Right to Rent laws kick in nationwide amid continued criticism

Right to Rent laws kick in nationwide amid continued criticism
Posted by David Bray

From 1 February 2016, landlords have a legal responsibility to check that their tenants have the right to live in the UK. Fines for failing to do so can run into the thousands. Trials were held last year in the Midlands, which resulted in one landlord being fined almost £2,000 for failing to check the immigration status of someone living at his property.

But the scheme has attracted waves of complaints and discontent from landlords, lawyers and property experts nationwide. Most have been complaining that the new laws mean landlords are now responsible for doing work that should be the responsibility of the government.

Many have also argued that the new rules contradict anti-discrimination laws, which prevent landlords from excluding certain groups or minorities from living in their properties.

Anne-Marie Balfour, from law firm Charles Russell Speechlys, told The Telegraph: “Landlords need to tread a fine line between immigration compliance and avoiding race discrimination. Tenants who are rejected unfairly can sue landlords under the 2010 Equality Act. An award for 'injury to feelings’, for example, would be in the region of £6,600.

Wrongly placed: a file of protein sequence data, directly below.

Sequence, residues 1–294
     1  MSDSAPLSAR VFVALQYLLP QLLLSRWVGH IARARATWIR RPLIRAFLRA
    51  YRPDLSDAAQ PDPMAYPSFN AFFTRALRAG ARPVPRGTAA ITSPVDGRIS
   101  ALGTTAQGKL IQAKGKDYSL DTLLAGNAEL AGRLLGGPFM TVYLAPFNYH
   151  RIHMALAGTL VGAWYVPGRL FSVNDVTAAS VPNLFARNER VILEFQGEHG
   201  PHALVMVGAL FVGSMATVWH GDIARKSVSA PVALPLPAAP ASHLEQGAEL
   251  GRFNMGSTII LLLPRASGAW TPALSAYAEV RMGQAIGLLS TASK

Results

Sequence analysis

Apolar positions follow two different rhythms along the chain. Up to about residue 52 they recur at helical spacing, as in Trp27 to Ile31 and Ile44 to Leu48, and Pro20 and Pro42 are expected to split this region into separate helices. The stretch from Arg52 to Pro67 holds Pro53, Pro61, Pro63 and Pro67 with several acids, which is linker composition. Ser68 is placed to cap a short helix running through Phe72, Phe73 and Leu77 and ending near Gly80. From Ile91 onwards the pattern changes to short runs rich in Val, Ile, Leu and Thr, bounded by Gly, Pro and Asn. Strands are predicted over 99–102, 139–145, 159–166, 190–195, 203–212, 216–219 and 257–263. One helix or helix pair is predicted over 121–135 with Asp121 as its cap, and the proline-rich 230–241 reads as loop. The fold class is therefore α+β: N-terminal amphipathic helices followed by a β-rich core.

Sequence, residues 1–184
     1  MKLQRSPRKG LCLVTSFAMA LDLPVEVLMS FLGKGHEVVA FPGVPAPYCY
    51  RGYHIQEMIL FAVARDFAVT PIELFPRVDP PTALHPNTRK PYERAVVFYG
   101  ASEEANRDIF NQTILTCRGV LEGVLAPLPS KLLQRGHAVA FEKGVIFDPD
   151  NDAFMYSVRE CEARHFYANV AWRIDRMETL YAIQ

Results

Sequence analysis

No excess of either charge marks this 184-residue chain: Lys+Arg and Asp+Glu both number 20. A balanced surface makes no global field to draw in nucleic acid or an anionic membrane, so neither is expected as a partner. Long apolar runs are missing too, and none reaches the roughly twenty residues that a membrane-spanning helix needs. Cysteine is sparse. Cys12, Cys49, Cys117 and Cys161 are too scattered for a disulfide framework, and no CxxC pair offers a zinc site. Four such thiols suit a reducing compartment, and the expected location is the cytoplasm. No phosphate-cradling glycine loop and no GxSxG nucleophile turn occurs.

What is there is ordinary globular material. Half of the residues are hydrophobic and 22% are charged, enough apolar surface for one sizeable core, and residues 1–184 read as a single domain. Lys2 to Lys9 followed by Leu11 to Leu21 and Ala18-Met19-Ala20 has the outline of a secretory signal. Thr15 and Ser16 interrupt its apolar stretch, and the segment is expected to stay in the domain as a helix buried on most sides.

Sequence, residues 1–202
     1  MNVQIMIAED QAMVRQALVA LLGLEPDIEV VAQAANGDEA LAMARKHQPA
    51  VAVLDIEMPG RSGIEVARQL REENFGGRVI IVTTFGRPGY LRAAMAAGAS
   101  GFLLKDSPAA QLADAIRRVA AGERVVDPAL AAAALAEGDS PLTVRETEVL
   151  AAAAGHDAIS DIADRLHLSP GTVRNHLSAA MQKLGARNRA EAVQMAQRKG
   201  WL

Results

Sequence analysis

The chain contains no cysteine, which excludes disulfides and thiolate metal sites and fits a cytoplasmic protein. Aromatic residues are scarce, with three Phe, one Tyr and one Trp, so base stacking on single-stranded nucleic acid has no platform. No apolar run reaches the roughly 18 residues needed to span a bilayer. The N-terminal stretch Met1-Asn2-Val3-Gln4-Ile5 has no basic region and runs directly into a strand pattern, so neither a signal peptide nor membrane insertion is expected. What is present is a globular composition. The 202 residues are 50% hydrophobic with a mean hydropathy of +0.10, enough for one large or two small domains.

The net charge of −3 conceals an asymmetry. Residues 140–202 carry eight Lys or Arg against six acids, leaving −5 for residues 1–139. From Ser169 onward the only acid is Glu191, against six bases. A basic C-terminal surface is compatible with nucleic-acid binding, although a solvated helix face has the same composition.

Another concern is that less credible or responsible landlords will either ignore the new legislation or use it to exploit a vulnerable group of people, potentially charging more in return for a place to live.

Added red tape, a culture of fear among landlords and the fact that only one landlord during the trial period was identified as breaking the law are additional reasons the scheme has received criticism.


What are your thoughts on the new tenant immigration checks? Do you need any help finding a tenant and have concerns over their status? Call Outlet. We offer advice and property management services to landlords across London. Click here for more information.


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